Bug #52393 innodb_io_capacity documentation error
Submitted: 26 Mar 2010 14:05 Modified: 19 Jul 2012 23:17
Reporter: James Day Email Updates:
Status: Closed Impact on me:
Category:MySQL Server: Documentation Severity:S3 (Non-critical)
Version:5.1 and later OS:Any
Assigned to: John Russell CPU Architecture:Any

[26 Mar 2010 14:05] James Day
At http://dev.mysql.com/doc/refman/5.1/en/innodb-parameters.html#sysvar_innodb_io_capacity is the claim that innodb_io_capacity is "The maximum number of I/O operations per second that InnoDB will perform". It isn't a maximum number of I/O operations per second for InnoDB:

1. It regulates only the background thread activities such as flushing modified pages from the buffer pool and performing insert buffer merges. It does not affect the foreground threads that perform most I/O for select and other operations.
2. The amount of work done by the background tasks is variable and set to base values in each place where I/O is done. The innodb_io_capacity is used by multiplying those values by innodb_io_capacity / 100. The amount of work is not measured in I/O operations per second at any point, InnoDB just uses base values that assumed that a server has one disk drive that could for both foreground and background operations combined handle 100 I/O operations per second.

The optimal value varies but in general it should be set just high enough so that the background threads do not get a long way behind in their work, but low enough so that they don't cause so much insert buffer merging and page flushing that the caching those parts of the server do becomes useless. If you set it too high you can in effect make the insert buffer and dirty page caching useless and greatly increase the amount of avoidable I/O that your server does.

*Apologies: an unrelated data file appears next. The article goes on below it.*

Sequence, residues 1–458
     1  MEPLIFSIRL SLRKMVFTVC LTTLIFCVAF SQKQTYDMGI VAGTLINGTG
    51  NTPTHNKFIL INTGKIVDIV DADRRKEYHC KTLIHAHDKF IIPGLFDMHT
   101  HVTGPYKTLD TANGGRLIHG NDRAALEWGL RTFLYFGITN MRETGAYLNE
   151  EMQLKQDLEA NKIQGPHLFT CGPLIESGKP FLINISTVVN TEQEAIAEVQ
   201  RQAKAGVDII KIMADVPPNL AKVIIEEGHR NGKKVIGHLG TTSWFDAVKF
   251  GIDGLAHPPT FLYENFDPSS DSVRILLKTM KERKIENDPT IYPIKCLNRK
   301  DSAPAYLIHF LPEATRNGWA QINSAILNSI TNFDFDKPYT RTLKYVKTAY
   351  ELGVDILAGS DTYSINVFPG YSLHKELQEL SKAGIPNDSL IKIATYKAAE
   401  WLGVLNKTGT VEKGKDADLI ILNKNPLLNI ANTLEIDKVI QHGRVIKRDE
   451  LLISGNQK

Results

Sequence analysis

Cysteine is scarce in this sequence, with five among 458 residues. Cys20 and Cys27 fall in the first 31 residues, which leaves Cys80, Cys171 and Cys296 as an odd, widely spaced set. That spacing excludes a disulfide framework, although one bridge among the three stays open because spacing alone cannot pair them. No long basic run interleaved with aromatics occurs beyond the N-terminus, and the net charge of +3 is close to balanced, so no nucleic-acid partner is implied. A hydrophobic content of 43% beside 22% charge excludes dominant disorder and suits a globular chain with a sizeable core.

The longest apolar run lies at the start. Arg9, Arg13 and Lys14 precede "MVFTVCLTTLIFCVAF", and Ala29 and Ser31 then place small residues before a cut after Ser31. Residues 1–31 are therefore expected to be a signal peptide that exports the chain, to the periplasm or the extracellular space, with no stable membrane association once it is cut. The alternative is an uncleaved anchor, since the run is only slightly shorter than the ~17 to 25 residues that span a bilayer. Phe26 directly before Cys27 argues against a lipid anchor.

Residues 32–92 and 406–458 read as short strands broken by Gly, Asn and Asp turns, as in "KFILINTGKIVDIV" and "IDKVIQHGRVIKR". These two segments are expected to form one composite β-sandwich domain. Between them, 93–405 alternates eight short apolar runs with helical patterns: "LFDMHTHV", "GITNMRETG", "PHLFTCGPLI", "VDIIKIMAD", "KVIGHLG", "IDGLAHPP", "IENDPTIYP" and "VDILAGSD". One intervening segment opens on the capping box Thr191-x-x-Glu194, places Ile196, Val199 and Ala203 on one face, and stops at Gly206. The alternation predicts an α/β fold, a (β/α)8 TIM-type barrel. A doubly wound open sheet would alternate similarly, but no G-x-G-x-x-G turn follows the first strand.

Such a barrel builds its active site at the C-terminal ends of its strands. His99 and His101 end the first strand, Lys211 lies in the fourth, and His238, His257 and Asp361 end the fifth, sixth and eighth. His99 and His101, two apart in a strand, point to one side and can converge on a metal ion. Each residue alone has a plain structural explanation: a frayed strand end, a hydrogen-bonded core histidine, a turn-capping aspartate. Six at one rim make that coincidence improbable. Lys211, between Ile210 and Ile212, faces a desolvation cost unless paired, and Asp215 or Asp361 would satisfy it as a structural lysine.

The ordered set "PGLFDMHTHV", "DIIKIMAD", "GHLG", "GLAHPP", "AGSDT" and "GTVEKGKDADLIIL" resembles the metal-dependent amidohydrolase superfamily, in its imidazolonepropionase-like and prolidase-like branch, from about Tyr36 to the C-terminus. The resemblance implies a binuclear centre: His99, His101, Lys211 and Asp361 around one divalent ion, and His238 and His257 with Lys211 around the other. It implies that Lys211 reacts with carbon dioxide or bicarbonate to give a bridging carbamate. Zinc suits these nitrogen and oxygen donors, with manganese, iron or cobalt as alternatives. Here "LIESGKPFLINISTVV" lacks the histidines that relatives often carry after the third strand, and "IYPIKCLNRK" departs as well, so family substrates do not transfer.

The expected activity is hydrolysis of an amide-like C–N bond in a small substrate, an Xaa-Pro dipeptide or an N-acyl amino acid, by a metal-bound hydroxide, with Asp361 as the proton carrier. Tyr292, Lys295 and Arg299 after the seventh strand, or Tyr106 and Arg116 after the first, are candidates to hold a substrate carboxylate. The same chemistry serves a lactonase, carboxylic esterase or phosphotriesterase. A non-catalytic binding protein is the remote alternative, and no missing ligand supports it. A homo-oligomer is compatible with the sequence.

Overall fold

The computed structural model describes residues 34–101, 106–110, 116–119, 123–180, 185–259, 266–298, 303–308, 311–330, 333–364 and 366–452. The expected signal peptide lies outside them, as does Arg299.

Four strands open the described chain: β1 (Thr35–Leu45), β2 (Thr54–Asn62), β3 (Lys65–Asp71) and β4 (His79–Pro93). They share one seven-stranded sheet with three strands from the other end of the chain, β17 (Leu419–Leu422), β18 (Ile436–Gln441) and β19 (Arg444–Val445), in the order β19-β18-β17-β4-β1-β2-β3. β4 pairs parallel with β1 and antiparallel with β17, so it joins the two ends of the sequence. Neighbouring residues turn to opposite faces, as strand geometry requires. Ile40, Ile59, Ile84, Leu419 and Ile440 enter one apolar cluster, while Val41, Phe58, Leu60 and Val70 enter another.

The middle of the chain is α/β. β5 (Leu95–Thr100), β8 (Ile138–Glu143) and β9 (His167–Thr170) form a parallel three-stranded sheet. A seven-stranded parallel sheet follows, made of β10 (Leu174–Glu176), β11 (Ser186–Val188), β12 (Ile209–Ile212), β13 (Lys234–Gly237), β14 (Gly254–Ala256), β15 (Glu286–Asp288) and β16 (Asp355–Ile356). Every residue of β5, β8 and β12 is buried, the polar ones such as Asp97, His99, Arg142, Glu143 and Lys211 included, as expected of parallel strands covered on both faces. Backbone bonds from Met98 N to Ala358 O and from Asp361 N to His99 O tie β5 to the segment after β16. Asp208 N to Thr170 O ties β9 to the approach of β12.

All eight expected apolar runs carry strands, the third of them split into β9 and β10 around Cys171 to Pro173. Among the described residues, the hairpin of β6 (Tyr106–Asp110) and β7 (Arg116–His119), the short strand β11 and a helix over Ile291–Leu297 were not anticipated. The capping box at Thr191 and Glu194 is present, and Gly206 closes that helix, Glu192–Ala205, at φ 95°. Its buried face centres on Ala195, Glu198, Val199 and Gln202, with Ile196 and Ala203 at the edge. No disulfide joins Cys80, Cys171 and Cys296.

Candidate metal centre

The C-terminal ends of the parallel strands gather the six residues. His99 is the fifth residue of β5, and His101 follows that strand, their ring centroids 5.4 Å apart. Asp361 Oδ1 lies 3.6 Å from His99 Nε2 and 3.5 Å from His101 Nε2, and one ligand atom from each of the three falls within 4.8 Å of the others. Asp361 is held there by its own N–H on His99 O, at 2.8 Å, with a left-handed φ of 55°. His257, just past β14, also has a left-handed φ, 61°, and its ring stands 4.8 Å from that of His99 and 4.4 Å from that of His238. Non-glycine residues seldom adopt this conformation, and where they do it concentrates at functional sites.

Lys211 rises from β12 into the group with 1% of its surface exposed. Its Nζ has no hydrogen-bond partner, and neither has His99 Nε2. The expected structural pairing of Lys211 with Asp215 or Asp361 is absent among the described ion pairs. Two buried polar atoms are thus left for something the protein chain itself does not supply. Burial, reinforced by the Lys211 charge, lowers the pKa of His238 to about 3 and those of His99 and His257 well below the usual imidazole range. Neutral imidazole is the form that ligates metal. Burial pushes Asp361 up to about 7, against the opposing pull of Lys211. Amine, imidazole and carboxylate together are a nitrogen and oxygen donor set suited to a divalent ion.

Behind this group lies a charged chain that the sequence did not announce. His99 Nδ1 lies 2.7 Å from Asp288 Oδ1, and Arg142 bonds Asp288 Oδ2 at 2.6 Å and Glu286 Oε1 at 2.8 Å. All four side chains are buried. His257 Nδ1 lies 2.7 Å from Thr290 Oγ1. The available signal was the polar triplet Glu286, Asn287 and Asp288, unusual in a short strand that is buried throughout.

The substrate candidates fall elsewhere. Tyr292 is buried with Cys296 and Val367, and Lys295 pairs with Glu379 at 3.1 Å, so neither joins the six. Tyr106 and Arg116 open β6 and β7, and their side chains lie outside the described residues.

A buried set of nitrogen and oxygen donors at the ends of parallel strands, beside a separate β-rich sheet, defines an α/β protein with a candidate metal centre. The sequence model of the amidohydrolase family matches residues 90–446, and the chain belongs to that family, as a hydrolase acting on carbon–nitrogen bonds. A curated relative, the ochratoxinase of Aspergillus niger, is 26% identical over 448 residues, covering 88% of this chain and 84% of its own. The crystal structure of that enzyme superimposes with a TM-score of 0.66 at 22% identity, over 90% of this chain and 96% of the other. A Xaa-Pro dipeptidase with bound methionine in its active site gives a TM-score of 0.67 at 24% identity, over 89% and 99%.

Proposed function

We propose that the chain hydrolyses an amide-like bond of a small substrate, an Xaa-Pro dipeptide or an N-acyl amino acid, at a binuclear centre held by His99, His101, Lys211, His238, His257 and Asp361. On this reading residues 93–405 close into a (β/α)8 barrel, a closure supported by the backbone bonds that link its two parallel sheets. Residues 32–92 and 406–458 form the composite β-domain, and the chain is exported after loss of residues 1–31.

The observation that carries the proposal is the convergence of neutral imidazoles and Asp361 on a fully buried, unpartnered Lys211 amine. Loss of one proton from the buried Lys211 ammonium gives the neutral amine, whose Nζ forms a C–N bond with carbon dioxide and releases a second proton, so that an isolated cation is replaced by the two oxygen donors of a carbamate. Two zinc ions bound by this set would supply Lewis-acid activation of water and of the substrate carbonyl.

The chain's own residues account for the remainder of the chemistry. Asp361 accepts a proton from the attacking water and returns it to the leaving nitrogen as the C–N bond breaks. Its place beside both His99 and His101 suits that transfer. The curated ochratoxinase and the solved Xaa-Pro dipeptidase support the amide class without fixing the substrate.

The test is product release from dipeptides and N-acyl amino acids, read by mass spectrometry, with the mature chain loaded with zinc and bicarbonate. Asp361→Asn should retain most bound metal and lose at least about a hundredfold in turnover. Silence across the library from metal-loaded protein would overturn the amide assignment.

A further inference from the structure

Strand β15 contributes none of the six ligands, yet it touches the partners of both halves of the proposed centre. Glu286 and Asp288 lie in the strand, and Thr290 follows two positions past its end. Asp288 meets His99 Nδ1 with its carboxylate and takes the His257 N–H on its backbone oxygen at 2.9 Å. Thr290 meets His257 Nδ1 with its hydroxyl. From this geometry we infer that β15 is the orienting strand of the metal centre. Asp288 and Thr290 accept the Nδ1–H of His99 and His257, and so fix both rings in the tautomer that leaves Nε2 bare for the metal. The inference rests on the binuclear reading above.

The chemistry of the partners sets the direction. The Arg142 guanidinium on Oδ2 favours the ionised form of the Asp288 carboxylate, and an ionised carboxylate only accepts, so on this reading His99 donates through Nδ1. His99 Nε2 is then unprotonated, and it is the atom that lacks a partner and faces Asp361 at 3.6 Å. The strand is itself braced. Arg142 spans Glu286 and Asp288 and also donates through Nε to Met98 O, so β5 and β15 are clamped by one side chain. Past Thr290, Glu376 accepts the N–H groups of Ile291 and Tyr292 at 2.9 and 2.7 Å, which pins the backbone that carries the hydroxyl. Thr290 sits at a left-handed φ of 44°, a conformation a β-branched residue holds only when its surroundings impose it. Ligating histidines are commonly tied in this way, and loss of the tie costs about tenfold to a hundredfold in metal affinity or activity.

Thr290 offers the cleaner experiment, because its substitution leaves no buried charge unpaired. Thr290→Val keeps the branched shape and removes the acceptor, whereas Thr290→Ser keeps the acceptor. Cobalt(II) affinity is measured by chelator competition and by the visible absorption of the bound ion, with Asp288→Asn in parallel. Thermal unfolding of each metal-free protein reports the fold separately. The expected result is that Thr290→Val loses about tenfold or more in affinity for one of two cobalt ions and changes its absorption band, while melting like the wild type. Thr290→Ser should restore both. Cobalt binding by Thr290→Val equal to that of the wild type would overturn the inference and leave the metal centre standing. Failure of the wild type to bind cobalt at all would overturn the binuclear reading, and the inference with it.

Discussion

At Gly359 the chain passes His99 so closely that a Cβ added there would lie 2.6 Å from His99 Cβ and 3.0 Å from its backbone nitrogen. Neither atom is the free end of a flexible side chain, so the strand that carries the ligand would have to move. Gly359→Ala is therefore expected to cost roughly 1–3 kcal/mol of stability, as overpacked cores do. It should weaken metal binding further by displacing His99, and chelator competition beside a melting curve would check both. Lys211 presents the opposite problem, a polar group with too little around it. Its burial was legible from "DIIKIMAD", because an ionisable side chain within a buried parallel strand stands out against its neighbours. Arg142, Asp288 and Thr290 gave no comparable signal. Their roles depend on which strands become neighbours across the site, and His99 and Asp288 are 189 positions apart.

The innodb.com version of the description at http://www.innodb.com/doc/innodb_plugin-1.0/innodb-performance.html#innodb-performance-thr... is better than our current one:

"The master thread in InnoDB is a thread that performs various tasks in the background. Most of these tasks are I/O related like flushing of the dirty pages from the buffer cache or writing the buffered inserts to the appropriate secondary indexes. The master thread attempts to perform these tasks in a way that does not adversely affect the normal working of the server. It tries to estimate the free I/O bandwidth available and tune its activities to take advantage of this free capacity. Historically, InnoDB has used a hard coded value of 100 IOPs (input/output operations per second) as the total I/O capacity of the server.

Beginning with InnoDB Plugin 1.0.4, a new configuration parameter is introduced to indicate the overall I/O capacity available to InnoDB. The new parameter innodb_io_capacity should be set to approximately the number of I/O operations that the system can perform per second. The value will of course depend on your system configuration. When innodb_io_capacity is set, the master threads estimates the I/O bandwidth available for background tasks based on the set value. Setting the value to 100 reverts to the old behavior.

You can set the value of innodb_io_capacity to any number 100 or greater, and the default value is 200. You can set the value of this parameter in the MySQL option file (my.cnf or my.ini) or change it dynamically with the SET GLOBAL command, which requires the SUPER privilege."

I've deliberately avoided saying set it to the maximum number of I/O operations the server can perform because that is often far too high on systems that have very capable disk systems. Setting it to the maximum I/O rate they can handle destroys the usefulness of some of the caches and greatly increases avoidable I/O. Setting it just high enough to avoid getting behind is a better way of picking an appropriate value.

How to repeat:
Not applicable.

Suggested fix:
Update the documentation after any required discussion.
[19 Jul 2012 23:17] John Russell
Closing in the MySQL system because the corresponding Oracle bug was closed some time ago.